Uses: The bulbils rather than the bulbs were used in the eighteenth century for sauces, salads and generally in place of cultivated garlic or shallots. The bulbils can be chopped finely or crushed and added to salads, dressing and cooked dishes. Leaves can be used in place of three-cornered garlic or chives. 

Chives, Allium schoenoprasum, Flowers June-July 

Smooth, hollow stems up to 50cm. Cylindrical, hollow leaves, up to 35cm. Flowers in dense, purple, spherical umbel, 1.5 – 5cm across on leafless stem. 

Habitat: Rocky hill pastures, coastal grasslands on limestone or basic igneous rock. 

Distribution: Rare and very scattered. Cornwall, North England, South Wales, Ireland. Also widely naturalised as escape from cultivation. 

Uses: Leaves and flowers can be used as herbs, chopped finely and added to salads or to cooked dishes just before servingl 

Sand Leek/Rocambole, Allium scorodoprasum Flowers May – August 

Smooth stem up to 1m high.  2 – 5 shiny leaves , linear, flat up to 27cm, with rough edges and angled back. Flowers in few flowered umbels with purple bulbils. 

Habitat: Rough grassland, scrub, open woodland, road verges, waste ground, on well-drained soils. 

Distribution: North East England to Central Scotland; naturalised in scattered localities elsewhere. 

Uses: This form of garlic was in use at the time of seventeenth century writer and diarist John Evelyn, who preferred it to the cultivated variety in salads. The bulbils rather than the bulbs were in use in the eighteenth century for sauces, salads and generally in place of cultivated garlic or shallots. Bulbils can be chopped finely or crushed and added to salads, dressings and cooked dishes. Leaves can be used in place of Three-cornered Garlic, Few-flowered Garlic or Chives.  

Few-Flowered Garlic, Allium paradoxum, Flowers April – May 

Sharply three-angled stem, up to 30cm. Wide, flat leaves up to 30cm long, 5-15mm wide. Flowers 1-few or absent in umbels with small, green bulbils. Habitat: Roadsides, field margins, river banks, waste ground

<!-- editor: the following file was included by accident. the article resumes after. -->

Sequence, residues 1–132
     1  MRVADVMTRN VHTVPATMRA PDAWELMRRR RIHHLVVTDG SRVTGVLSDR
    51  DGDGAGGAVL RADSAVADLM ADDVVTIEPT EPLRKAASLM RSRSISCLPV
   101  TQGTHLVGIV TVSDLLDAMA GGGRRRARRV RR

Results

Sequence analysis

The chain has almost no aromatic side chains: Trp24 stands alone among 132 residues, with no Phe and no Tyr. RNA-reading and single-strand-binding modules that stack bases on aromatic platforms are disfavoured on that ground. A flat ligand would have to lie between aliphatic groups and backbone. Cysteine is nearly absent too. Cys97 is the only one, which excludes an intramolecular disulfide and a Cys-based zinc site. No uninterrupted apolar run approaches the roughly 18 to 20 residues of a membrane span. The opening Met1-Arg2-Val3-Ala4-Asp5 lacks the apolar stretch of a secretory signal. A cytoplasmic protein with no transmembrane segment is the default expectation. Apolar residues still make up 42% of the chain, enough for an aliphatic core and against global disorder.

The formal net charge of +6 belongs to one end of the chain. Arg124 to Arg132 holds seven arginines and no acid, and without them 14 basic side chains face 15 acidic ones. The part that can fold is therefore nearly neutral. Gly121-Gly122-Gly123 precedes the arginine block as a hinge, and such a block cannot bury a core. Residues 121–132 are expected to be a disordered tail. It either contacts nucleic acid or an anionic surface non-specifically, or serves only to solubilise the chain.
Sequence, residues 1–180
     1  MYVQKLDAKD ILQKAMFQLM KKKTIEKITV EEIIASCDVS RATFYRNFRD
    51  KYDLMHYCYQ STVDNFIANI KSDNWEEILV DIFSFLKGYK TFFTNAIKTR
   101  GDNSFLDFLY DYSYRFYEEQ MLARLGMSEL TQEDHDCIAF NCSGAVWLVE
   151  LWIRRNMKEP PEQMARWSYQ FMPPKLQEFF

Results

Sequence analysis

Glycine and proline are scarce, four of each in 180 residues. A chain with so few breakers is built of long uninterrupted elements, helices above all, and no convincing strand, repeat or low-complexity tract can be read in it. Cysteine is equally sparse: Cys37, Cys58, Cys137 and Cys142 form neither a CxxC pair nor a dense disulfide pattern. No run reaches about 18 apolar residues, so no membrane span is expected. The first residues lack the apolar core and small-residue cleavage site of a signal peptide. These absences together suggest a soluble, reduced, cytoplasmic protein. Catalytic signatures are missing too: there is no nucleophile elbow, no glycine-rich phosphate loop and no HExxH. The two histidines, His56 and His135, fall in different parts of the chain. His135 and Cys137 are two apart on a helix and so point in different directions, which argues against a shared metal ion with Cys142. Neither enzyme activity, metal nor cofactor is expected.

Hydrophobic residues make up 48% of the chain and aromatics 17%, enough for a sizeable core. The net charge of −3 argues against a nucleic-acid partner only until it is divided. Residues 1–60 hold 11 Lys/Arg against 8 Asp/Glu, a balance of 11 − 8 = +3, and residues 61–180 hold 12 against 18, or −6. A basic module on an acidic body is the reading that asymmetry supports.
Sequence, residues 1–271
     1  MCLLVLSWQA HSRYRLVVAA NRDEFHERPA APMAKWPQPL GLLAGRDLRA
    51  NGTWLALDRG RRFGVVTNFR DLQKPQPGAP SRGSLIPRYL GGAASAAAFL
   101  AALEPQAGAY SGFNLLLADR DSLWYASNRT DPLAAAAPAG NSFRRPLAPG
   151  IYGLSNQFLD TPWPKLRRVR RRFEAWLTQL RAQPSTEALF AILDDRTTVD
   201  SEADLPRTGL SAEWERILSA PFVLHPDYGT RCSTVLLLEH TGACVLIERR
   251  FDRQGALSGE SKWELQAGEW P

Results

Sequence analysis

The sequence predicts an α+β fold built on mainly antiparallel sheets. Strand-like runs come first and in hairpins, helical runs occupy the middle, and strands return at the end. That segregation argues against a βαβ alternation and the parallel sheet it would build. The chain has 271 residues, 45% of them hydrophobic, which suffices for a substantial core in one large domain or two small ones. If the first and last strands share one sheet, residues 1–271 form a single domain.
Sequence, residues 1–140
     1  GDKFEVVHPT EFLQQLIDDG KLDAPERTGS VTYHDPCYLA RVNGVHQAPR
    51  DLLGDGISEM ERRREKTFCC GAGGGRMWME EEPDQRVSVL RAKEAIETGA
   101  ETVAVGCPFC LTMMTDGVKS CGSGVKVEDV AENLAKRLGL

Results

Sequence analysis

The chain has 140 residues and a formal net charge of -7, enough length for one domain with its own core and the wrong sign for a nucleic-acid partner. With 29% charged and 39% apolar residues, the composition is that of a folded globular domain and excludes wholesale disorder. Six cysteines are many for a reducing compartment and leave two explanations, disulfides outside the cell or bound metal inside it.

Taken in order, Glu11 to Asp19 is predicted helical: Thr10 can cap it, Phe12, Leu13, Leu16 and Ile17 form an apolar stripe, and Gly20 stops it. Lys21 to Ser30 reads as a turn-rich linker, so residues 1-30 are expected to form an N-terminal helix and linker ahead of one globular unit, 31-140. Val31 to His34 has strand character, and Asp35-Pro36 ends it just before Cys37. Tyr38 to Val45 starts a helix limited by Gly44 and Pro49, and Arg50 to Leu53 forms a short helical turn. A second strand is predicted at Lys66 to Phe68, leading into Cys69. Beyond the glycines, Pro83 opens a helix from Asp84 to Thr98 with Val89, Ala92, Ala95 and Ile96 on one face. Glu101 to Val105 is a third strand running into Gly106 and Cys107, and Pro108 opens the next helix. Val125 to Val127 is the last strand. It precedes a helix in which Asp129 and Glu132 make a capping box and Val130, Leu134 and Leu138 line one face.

Distribution: Introduced, naturalised escape from cultivation throughout Britian but predominantly south and east. Locally invasive. 

I find this in one particular location in Norfolk where it is clearly outcompeting the Ramsons. It has a more oniony than garlicky flavour and adds a sharp punch to pestos, salads and cooked dishes. 

The bulbs of Few-flowered garlic appear on the surface which is a bonus for foragers as this makes them fare game. So you can take the bulbs home to either add an oniony twist to your evening meal or plant them to save you going back again next year! 

Three Cornered Leek, Allium triquetrum, Flowers April – June 

Distinguished by its long (up to 40cm) triangular flat, wide leaves, and its drooping, green-striped umbel of white, bell-shaped flowers. It has a sharply three-angled stem, up to 45cm.  

Habitat: Roadsides, hedgebanks, waste ground. 

Distribution: Introduced, naturalised escape from cultivation. Widespread and increasing in south and south west Britian and south Ireland. Scattered but spreading elsewhere. 

Uses: Leaves are milder than Ramsons but are juicy and sweet and go well in a salad. To make the most of the garlic flavour, tear into pieces about 4cm long and add to dishes for the last few seconds of cooking so it only wilts a little. 

Crow Garlic/Wild Onion, Allium vineale, Flowers June – July 

Smooth stems up to 120cm. Two to four chive-like, half-round hollow leaves, which appear and die back prior to the emergence of flowering stems. Flowers greenish-pink, 2 – 5cm across, often with bulbils only.